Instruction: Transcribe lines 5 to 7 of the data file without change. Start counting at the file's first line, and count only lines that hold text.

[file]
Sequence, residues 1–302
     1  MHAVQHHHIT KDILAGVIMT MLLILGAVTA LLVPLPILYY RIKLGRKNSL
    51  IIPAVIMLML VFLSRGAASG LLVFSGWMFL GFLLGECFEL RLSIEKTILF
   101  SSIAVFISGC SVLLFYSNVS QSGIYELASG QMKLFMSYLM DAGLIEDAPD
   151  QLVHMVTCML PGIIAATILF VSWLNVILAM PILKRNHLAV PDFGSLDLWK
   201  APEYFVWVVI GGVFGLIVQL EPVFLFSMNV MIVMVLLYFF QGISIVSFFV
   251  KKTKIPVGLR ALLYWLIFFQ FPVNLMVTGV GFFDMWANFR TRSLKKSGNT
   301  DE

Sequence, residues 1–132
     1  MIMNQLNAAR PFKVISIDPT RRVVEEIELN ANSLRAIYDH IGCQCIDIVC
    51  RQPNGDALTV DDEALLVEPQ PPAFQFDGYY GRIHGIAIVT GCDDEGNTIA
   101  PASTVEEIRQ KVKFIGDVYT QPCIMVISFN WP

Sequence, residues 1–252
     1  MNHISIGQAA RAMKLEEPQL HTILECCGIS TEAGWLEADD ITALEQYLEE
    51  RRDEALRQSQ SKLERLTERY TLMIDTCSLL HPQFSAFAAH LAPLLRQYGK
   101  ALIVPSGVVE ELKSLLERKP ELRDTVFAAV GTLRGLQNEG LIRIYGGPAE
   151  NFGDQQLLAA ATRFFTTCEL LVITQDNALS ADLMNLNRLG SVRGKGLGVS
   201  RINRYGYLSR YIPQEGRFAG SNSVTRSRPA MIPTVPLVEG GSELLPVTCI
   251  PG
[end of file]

   151  QLVHMVTCML PGIIAATILF VSWLNVILAM PILKRNHLAV PDFGSLDLWK
   201  APEYFVWVVI GGVFGLIVQL EPVFLFSMNV MIVMVLLYFF QGISIVSFFV
   251  KKTKIPVGLR ALLYWLIFFQ FPVNLMVTGV GFFDMWANFR TRSLKKSGNT